Contents

Webpage Creation

This documentation is intended to give CMS users an idea of the steps involved in getting a site up and running, with the desired design and functionality. A site design process will begin with a user providing BWG with .psd files containing the particular designs and layouts they would like for different pages in their site. These files should be detailed, including everything the end user sees on the website; pull down menus in every variation desired, with selected and unselected links, as well as secondary navigation in all states, with links selected, unselected, etc. Essentially, BWG would like all style variations for all navigation documented; if you want it to look different, the design provided to BWG should reflect it.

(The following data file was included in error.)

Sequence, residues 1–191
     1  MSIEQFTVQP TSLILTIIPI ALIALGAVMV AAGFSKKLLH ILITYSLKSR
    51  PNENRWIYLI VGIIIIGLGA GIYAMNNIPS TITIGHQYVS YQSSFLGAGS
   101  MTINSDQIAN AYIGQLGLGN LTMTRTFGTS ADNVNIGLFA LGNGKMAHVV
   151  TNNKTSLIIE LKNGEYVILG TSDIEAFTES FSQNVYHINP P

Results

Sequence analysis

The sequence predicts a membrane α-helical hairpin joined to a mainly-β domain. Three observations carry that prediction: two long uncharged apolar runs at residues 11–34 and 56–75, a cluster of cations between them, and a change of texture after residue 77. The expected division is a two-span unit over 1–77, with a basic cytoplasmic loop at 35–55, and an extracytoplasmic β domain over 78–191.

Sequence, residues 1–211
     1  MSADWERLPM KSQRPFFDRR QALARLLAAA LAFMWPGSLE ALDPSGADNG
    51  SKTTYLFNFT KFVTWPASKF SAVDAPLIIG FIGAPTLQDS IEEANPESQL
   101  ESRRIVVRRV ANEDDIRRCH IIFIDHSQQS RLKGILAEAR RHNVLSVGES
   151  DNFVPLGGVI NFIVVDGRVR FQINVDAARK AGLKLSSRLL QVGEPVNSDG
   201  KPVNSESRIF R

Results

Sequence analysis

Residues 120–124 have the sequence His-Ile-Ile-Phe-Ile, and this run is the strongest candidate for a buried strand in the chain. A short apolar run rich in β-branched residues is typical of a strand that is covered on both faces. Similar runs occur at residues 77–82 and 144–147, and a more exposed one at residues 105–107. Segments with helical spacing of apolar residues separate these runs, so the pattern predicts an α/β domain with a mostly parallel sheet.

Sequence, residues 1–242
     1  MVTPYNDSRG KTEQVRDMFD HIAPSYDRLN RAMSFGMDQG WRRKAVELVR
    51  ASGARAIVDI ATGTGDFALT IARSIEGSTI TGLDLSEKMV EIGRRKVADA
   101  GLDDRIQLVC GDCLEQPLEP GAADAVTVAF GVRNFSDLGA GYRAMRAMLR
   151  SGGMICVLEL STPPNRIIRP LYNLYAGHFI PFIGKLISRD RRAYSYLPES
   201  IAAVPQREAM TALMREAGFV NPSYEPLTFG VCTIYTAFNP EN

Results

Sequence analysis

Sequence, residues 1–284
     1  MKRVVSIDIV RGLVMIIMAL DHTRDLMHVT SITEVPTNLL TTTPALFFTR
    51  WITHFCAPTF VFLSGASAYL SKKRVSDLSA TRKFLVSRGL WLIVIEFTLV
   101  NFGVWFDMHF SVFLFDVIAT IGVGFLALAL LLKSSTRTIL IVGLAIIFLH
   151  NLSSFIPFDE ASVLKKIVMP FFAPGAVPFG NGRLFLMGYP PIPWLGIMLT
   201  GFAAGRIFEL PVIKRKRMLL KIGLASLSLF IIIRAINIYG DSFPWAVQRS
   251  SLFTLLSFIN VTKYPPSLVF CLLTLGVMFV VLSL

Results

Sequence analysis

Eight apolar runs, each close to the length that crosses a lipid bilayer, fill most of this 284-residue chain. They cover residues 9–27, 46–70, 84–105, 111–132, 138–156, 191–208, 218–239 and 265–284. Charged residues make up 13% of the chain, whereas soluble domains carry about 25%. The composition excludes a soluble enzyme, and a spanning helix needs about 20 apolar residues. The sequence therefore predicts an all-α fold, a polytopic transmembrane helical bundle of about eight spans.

The BWG CMS has the capability to contain several layouts that can then be applied to pages at will, as well as Code Snippets that can be dropped into pages to utilize sophisticated html without having to re-write the code each time. BWG takes the .psd files and generates html/css from those files. That html or css is then used to generate layouts, templates or Code Snippets that can be used repeatedly in your site, providing you with an easy way to style pages consistently as well as to leverage sophisticated html in a simple-to-use way.

Documentation

Documentation can be found on the following:

Wireframes

The following wireframes are intended to give you an idea of how a site could be structured, as well as different components that can be added to a page through the CMS.  The following examples include versions of a homepage, both for the public and for logged in members, as well as a standard page within the site that includes secondary navigation.